Something much larger than a luxury yacht was unveiled at the Fort Lauderdale International Boat Show on Thursday.
South Florida’s new Marine Research Hub hopes to make the region the next Silicon Valley or Durham Research Triangle for marine sciences.
The eight founding partners of the Marine Research Hub gathered at a breakfast with members of the science and boating communities to announce the launch of an official collaboration between South Florida’s universities.
Bob Swindell, the CEO of the Greater Fort Lauderdale Alliance and one of the partners, said the whole point of this partnership is to brand universities and connect the researchers to funding.
“If you’re spending $20 million on a yacht, you’ve got some skin in the game for a healthy ocean. So we think it’s a natural community that’s going to support this research,” he said.
Florida Atlantic University, Nova Southeastern University, Florida International University and the University of Miami, which all have oceanography programs, are the four universities that have formally agreed to share resources and help get the word out about each other’s projects.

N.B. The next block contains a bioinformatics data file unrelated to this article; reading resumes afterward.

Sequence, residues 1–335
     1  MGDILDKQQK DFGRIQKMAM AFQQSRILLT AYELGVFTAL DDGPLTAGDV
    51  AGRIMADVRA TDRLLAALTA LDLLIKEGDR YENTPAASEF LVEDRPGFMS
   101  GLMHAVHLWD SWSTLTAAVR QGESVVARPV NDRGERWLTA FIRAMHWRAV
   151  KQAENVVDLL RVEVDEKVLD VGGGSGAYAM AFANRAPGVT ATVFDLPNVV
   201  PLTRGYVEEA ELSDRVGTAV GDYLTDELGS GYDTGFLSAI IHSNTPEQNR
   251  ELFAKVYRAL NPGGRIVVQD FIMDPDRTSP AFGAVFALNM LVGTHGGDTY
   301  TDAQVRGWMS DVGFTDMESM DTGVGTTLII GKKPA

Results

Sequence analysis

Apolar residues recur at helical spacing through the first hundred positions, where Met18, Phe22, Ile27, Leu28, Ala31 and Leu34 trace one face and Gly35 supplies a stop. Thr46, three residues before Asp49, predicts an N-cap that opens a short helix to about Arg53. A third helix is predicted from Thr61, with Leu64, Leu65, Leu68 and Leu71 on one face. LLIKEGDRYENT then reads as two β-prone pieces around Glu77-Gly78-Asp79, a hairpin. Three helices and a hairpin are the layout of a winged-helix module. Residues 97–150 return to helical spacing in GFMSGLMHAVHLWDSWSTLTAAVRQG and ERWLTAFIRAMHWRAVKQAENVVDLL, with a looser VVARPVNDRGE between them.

The other partners include the Miami-Dade Beacon Council and the Business Development Board.
Phil Purcell came up with the idea for this consortium two years ago.
“Warren Buffett challenged everyone to give half their wealth away, especially the Forbes list members. A lot of Forbes members own big boats,” he said.
Purcell is the CEO of the Marine Industries Association, the owner of the Fort Lauderdale International Boat Show and one of the eight partners as well.
“So now [the] big picture is: One university is grafting coral in the bone, another university uses shark skin to stop the spread of MRSA," Purcell said. "Another university kills pancreatic cancer in the lab with deep water sponges.”
Some of the boating philanthropists who’ve already put their names behind the partnership include Dr. Guy Harvey, who was the keynote speaker during the breakfast. Harvey is a marine wildlife artist and conservationist. His illustrations are popular on fishing apparel.
“The real important aspect is to get everybody on the same page so that they’re not competing for research projects. There’s no duplicity ... because there’s a lot of work to be done,” Harvey said.